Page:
-Building a Zoning overlay to remove restrictions created by existing zoning codes
-Reopened Commons Dispatch. This will transform the 1950s-era department store and former home of the Oneida Dispatch into a brewery and restaurant.
-Lerman Building, 155 Madison St.
Reimagine the Vacant Hotel Oneida, 181 Main St., as a multi-functional event space.
-Renovate and improve the historic Kallet Theatre, 159 Main St.
-Restore and enhance the historic Devereaux House, 146 Main St.
-Renovation of facilities at Veteran’s Memorial Park, 360 N. Main St.
“We received a 10 million grant from the state, and we submitted a lot of projects to the state that are looking for their support,” Woodcock said. “They are reviewing these projects. We should hear from them this fall, or November now, so it could be whenever we hear from them.”
Woodcock has honored his grandparents with the name of his shop. Callee 1945 was named after her grandparents, the year they started their farm. It is also the name of the farm where he grew up.
“The farm is two miles north of the store on Highway 46. It still has a sign on the barn. It’s an honor for them,” he said.
Her store, Callee 1945, also donates to the arts, veterans organizations and the Oneida Little League.
“We love the arts,” Woodcock said. “My daughter sings. We support both the Oneida and Vernon-Verona-Sherrill music promoters.”
The store supports a small league, called Callee 1945. “We call our teams after businesses that support them. We will play against NBT Bank, for example,” said Woodcock.
The Woodcock family – husband KC Baney, son, Calvin, 14, and daughter, Mary Sue, 13, help with the business. “I have to bend my son’s hand a little bit, but he loves working here,” Woodcock said. “My daughter loves it. He likes to do accounting work. They both love packing boxes and putting on shipping labels.”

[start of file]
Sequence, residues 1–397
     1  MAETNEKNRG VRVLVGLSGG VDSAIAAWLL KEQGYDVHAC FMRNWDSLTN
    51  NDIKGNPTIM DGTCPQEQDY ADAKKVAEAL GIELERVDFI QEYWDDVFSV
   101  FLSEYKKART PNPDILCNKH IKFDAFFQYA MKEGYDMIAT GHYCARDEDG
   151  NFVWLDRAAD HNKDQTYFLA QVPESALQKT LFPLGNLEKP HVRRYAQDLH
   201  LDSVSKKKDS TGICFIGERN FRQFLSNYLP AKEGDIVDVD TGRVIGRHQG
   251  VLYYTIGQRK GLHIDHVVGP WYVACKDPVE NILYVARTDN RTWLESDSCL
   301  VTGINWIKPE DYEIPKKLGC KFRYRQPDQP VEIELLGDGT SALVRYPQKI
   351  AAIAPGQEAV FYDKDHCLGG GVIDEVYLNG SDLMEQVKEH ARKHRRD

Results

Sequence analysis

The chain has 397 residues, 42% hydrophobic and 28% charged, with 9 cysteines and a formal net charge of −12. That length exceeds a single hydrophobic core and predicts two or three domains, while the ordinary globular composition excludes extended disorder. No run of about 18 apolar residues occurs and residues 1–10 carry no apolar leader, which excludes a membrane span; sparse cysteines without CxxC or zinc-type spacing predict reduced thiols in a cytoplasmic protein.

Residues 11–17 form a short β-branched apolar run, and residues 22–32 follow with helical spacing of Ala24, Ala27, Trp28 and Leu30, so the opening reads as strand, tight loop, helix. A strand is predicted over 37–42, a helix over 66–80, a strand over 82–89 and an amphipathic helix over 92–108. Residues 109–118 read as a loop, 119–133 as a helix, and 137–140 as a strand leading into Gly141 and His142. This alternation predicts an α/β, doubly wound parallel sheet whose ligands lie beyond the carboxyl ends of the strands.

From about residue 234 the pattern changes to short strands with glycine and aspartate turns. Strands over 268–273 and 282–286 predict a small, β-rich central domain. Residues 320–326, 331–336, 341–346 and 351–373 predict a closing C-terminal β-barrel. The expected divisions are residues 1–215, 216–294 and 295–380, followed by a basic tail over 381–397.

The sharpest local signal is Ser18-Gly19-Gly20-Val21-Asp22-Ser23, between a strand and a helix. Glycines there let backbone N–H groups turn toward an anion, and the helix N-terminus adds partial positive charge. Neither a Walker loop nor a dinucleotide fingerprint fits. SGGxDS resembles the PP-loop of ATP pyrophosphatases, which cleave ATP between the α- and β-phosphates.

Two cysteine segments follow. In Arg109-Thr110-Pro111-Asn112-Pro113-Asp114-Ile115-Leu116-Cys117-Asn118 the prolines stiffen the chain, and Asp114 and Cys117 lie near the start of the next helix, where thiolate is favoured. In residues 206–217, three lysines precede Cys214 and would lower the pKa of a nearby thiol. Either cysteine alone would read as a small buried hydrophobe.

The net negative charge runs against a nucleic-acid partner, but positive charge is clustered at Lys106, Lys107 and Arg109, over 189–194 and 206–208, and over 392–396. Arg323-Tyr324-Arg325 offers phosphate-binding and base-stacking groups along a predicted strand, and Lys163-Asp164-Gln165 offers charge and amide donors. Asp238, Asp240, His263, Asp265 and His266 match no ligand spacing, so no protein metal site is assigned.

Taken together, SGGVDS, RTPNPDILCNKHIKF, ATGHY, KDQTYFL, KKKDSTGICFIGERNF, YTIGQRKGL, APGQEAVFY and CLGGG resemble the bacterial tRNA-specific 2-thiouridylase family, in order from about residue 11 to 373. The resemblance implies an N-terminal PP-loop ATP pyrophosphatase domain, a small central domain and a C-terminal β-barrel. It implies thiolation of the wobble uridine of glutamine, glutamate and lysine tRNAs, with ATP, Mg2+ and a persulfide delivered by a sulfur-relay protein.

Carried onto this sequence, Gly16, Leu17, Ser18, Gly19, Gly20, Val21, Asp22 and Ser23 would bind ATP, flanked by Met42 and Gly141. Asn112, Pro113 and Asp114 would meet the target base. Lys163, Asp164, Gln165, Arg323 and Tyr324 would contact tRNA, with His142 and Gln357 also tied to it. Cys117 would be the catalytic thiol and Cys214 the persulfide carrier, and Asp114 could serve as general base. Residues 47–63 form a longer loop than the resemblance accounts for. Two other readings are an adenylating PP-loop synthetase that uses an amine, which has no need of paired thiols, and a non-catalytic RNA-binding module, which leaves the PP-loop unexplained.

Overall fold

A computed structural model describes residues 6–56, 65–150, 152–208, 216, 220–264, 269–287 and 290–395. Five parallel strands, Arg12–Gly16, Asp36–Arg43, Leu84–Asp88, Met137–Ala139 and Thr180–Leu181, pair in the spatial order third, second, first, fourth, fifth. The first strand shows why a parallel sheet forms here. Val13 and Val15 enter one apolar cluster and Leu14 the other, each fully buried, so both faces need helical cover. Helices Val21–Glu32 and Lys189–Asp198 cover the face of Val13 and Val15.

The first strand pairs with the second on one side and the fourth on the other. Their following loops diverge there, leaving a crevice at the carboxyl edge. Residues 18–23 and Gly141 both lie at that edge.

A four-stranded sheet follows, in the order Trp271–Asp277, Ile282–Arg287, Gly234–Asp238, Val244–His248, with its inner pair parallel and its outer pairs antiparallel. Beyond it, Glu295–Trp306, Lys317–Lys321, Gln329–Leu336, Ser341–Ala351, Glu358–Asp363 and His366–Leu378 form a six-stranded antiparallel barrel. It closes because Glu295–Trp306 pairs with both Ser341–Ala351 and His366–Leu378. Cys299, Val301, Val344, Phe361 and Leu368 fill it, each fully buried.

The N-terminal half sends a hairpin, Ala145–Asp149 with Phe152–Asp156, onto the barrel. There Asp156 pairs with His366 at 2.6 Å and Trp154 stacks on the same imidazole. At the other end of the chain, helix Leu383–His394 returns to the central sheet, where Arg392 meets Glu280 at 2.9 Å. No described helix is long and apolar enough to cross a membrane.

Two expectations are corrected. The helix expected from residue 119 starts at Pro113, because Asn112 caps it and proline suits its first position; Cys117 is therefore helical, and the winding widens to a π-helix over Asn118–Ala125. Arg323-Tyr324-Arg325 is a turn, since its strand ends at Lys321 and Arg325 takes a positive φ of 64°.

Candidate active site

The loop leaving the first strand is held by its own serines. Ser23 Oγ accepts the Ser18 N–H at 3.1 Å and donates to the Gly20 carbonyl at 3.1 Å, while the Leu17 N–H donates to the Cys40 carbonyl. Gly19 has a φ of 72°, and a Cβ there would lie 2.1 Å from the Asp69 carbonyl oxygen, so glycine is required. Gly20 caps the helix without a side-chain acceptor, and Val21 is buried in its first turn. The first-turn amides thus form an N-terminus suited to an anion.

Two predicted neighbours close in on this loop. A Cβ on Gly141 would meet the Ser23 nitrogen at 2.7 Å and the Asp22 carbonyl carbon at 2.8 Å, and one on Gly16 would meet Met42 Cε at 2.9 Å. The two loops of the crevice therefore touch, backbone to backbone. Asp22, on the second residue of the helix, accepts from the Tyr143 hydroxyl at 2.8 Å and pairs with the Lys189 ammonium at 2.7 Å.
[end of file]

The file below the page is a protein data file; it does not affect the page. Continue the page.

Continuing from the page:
Baney served in the Army from 1995-2005. He worked in the criminal investigation department. He oversaw former Defense Secretary Donald Rumsfeld’s trip to Abu Ghraib and was involved in the investigation of the terrorist attack on the Pentagon during Spt. 11,2001 attacks.
“My husband often says that the first five years of his ministry are boring and the second is busy,” Woodcock said.
Woodcock and Baney work hard to support veterans. They met at the Rubicon team event. Team Rubicon is an international non-governmental organization specializing in disaster response. They recently donated $800 worth of cheese for a Thanksgiving gift box donated by Clear Path for Veterans in Chittenango.
“Supporting veterans is part of our marriage and part of our business,” Woodcock said.
Woodcock hopes that whatever legacy he leaves will make Oneida better.
He said: “There has been a lot of talk in Oneida about bringing it back to its heyday in the 1950s and 1960s when the city was booming. “My idea is not to push it back to the 1950s but to bring more people into the countryside, to create a new and prosperous city.”
He continued: “We can bring in a brewery, a bakery, a place for the next generation to hang out. “We’re not the only ones here. We have a mix, we have Bella Vita Cafe, and others are attacking us. Maybe we are not in the best place, we could be in Rome or Clinton or Cazenovia.
Maybe many people can see the success of our business in Oneida. That would be a success for me.”